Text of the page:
“Public purchases will be made from family farmers”, he stated. He added that the agrarian reform program has changed. “The most effective way to tackle poverty in rural areas is by guaranteeing workers access to land and credit. I advocate for a cooperative occupation model based on agro-villages with structure and the internet," he said.
The minister also mentioned actions for rural education and credit shuffle, particularly for women, and the opportunities presented by a transition to ecological and regenerative agriculture. “I want to salute the biofertilizers initiative. We will promote agricultural inputs to this production. We want to develop productive gardens, organic eggs, fruits, fish and small slaughterhouses to sell chicken meat.”
Edegar Pretto reinforced his commitment to those who suffer from hunger. "No service will be forgotten when we be heading to Conab. We will do our best,” he said, highlighting that, now, the company is part of the Ministry of Agrarian Development, a decision that shows the political will of granting more responsibilities to Conab. According to him, the policy will focus on strengthening farmers. "Everyone who chooses to grow food should know that the Lula government will be your biggest customer."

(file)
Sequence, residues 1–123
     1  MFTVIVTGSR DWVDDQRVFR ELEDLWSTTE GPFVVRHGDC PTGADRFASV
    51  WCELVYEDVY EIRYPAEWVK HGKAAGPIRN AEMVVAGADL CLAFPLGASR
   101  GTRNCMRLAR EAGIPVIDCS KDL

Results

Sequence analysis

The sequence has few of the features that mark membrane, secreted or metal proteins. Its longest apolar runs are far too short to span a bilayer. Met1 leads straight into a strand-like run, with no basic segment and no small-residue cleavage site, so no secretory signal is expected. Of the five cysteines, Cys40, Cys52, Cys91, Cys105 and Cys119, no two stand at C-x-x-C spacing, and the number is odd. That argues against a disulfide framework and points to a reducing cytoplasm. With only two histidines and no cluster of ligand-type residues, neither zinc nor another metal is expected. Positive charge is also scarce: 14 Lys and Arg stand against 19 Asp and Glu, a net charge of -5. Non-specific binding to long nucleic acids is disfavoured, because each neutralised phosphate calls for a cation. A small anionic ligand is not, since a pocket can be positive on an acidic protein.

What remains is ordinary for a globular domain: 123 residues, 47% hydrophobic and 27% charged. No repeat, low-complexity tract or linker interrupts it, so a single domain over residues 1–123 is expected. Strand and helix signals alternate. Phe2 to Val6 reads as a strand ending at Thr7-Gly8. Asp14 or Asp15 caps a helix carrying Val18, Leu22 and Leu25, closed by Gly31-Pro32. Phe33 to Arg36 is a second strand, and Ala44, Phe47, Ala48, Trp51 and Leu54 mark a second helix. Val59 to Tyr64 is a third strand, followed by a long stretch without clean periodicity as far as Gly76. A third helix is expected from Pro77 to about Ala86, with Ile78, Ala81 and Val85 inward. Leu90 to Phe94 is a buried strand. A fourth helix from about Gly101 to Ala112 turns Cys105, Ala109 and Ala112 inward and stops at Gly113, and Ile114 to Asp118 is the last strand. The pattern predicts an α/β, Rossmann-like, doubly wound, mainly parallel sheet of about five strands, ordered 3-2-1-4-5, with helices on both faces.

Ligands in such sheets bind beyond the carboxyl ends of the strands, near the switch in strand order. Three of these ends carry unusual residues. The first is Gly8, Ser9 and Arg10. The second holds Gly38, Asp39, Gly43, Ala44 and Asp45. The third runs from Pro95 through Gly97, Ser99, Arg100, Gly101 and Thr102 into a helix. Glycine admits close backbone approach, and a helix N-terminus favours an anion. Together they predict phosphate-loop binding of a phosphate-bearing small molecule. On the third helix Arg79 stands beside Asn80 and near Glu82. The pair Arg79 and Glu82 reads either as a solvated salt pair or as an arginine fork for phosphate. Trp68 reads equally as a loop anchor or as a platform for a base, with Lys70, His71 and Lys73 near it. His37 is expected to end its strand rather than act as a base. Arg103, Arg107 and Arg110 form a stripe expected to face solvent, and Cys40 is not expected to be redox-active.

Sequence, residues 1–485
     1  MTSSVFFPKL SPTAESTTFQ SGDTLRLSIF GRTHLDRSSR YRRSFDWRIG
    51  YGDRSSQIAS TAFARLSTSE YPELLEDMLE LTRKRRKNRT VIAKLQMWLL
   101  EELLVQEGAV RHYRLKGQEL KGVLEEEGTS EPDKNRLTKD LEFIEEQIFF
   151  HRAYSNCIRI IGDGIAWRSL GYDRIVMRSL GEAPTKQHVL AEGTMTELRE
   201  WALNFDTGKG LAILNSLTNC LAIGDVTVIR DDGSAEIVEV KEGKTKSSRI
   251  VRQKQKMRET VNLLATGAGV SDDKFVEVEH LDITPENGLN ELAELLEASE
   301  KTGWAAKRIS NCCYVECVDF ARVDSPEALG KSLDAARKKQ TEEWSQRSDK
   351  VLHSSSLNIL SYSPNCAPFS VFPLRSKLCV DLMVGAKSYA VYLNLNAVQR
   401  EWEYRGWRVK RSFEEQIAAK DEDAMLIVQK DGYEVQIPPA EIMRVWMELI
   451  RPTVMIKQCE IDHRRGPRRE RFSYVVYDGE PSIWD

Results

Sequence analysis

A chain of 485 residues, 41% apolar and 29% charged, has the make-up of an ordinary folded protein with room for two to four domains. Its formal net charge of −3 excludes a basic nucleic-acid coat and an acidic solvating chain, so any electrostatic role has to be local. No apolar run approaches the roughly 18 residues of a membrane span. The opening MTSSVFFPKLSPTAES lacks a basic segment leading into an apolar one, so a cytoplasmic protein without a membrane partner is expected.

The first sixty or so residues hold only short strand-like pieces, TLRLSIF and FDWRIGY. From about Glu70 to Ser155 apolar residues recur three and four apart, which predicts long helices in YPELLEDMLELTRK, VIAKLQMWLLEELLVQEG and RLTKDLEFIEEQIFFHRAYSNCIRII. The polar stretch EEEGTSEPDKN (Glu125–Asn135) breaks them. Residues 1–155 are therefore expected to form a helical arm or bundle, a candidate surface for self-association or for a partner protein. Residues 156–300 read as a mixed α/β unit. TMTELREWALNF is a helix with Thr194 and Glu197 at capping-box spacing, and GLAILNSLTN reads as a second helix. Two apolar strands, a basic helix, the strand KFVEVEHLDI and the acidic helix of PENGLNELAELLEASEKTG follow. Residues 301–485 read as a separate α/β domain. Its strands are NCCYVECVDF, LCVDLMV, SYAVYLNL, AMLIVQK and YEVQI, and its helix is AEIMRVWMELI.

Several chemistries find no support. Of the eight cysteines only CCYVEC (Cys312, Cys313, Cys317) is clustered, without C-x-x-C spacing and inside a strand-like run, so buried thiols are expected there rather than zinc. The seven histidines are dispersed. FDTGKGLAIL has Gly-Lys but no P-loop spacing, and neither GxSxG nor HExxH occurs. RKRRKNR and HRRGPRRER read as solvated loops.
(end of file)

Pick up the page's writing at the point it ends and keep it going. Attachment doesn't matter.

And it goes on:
The future president of Conab also said that family farmers, quilombolas, riverside communities and traditional communities will be able to produce food with certainty of sales and income. “School lunches can no longer be biscuits and artificial juice,” he added.
“Harvest has always been a celebration moment”
Representing the MST’s national leadership, João Pedro Stédile pointed out that the Agroecological Rice Harvest Party reproduces what peasants have always done since the beginning of human history. “The harvest is always a moment of celebration.” This celebration, according to him, calls attention to two aspects.
“We are facing two philosophical and worldview models: one of death, represented by agribusiness and large estates, and one of life, represented by family farming and agroecology,” he said. As he assesses, Brazilian society is facing these two paths, “and it is not about the MST or the ruralists, but about the future of humanity.”